Much of the perception grew out of raised expectations prior to the offensive. The U.S. military, stung by the antiwar movement, had recently assured the public that the war was winding down in an American victory, while at the same time acknowledging that it was no longer enough to defeat the enemy outright on the battlefield. By 1968 pressure at home had made it crucial for the military to achieve at least three other objectives: prove that after four years of intense ground fighting the North Vietnamese were close to capitulation; present hard evidence that the South Vietnamese were at last ready to shoulder the majority of their defense obligations; and give persuasive assurance that America could achieve rapid withdrawal with a minimum of casualties.
Tet, a clear American victory, paradoxically dashed those pretensions. As long as the North Vietnamese were willing to suffer thousands of dead for a chance to kill Americans, time was on the communists’ side. As long as the Soviets and the Chinese supplied good weaponry, as long as the Vietcong could pose to influential American journalists, academics, and pacifists as liberationists and patriots, and as long as the American military tried to fight a conventional war under absurdly confined rules of engagement and over corpses counted rather than ground taken and held, the North Vietnamese would recruit ample fresh manpower on the promise of a free nation to come—and always add some Americans to the terrible arithmetic of relative body counts. The American political establishment may have believed that Vietnam was a proxy war in an ongoing global struggle already 25 years old against communist tyranny, but the American people grew to doubt the need to give up their treasure and their sons so far away when Chinese and Russian troops were unlikely to reach U.S. shores through Vietnam.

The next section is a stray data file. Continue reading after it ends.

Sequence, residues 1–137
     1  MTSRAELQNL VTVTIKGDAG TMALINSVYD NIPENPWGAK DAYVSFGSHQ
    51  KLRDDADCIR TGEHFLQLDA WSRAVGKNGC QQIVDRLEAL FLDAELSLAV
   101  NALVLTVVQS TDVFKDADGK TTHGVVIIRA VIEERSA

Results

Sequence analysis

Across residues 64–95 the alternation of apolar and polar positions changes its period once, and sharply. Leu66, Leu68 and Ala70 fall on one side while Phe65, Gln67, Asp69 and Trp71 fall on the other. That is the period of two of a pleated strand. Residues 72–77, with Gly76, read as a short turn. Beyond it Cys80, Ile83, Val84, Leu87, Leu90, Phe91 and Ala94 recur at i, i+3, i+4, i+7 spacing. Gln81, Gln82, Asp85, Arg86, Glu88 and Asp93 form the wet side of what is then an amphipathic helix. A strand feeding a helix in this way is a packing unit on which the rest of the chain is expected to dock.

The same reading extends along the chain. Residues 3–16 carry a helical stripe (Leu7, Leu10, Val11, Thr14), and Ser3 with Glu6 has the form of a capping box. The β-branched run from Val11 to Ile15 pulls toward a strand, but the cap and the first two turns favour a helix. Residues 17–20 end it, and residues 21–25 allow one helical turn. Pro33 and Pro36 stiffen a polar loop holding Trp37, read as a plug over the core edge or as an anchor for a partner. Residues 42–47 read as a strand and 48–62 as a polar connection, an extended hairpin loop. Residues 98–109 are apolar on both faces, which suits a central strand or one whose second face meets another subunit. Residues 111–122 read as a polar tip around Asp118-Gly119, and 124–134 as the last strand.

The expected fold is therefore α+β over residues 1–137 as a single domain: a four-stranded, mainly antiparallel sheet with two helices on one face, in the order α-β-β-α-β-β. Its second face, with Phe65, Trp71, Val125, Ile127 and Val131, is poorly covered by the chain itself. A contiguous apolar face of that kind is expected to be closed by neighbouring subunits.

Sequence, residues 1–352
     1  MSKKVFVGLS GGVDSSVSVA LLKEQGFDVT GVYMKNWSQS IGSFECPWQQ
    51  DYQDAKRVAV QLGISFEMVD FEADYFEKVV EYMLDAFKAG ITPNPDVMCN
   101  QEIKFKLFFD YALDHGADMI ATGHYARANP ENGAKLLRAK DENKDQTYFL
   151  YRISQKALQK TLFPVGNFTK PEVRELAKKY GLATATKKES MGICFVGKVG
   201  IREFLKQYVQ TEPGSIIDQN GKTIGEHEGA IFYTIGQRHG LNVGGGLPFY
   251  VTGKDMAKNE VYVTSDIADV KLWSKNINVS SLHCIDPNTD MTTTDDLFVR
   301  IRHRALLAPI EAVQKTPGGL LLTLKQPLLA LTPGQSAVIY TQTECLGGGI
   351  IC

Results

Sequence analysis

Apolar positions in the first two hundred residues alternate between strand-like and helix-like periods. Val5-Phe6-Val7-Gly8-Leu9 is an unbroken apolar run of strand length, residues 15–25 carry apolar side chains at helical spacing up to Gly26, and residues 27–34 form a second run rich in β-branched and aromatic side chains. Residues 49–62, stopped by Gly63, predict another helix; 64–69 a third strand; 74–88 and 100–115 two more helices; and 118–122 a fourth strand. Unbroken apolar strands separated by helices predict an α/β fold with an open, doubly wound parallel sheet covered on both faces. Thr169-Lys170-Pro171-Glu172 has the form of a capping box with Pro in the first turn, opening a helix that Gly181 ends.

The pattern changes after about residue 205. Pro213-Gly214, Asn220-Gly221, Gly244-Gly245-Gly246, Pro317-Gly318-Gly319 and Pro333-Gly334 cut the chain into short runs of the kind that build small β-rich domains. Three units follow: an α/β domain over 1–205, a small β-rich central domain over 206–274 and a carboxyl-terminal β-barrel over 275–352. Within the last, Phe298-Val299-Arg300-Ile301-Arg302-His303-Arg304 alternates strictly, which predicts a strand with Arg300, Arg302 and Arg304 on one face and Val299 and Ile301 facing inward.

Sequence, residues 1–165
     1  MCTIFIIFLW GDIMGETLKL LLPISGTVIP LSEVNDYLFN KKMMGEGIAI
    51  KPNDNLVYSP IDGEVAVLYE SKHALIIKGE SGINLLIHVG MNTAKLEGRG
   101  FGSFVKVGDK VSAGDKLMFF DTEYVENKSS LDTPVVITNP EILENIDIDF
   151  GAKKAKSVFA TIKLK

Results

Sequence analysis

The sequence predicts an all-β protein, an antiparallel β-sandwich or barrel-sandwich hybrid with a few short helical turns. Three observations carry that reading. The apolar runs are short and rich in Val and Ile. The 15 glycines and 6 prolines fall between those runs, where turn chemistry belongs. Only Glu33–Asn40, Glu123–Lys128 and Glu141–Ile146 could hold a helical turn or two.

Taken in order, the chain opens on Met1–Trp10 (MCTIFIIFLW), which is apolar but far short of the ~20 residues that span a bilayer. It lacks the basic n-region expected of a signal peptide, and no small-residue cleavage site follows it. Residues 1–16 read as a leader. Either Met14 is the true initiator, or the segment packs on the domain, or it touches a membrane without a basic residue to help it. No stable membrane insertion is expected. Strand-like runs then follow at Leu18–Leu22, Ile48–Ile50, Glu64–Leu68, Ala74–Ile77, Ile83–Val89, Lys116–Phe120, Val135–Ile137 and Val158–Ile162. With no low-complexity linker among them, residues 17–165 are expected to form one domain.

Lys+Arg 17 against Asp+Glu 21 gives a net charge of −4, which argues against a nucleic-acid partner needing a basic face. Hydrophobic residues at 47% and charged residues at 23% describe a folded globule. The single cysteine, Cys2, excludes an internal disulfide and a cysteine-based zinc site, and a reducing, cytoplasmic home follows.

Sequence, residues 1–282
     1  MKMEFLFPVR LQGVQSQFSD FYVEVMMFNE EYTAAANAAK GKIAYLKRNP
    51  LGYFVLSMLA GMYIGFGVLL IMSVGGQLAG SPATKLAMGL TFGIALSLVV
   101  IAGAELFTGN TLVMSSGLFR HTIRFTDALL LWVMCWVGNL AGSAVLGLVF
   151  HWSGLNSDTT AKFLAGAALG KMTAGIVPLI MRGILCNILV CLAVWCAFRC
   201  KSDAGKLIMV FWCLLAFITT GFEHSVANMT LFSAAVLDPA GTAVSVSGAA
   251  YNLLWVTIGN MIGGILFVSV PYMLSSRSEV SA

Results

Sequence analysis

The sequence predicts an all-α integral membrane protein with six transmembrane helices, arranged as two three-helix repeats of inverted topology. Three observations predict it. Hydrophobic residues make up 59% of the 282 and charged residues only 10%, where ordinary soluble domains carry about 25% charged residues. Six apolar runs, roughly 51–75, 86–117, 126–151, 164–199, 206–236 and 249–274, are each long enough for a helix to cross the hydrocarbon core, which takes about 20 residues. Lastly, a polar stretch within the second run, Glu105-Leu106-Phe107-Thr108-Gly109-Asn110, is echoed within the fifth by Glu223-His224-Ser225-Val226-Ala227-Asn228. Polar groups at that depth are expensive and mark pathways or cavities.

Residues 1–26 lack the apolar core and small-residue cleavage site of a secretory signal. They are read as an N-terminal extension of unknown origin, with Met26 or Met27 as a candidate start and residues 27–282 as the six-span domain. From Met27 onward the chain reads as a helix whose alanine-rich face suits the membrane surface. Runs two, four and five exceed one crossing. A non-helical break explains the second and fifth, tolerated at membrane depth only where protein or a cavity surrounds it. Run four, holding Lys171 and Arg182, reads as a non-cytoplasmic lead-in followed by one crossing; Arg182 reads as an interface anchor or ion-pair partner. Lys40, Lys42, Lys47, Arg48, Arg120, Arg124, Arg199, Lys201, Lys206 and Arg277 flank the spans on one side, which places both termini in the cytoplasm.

The record keeping of the U.S. military in Vietnam was notoriously inexact in assessing enemy dead, but it was mostly accurate in reporting American fatalities. Thus, most observers believed that Tet cost somewhere between one and two thousand American dead. The public cared little that its soldiers were killing the enemy at unheard-of ratios of 30 and 40 for each GI lost. American generals never fully grasped, or never successfully transmitted to the political leadership in Washington, the simple fact that the number of enemy killed meant little in and of itself if the land of South Vietnam was not secured and held and the antagonist North Vietnam not invaded, humiliated, or rendered impotent.
The American objectives, both local and geopolitical, were clear from the start: the security of an independent Vietnamese state in the South and with it an end to general communist aggression in Southeast Asia. But the methods of achieving those seemingly moral goals were far less apparent. Ideally, it was believed in the early 1960s, the Americans would train a sophisticated army of resistance, in which a grateful Vietnamese populace, delighting in its newly democratic government, would willingly enlist to save the country from communism.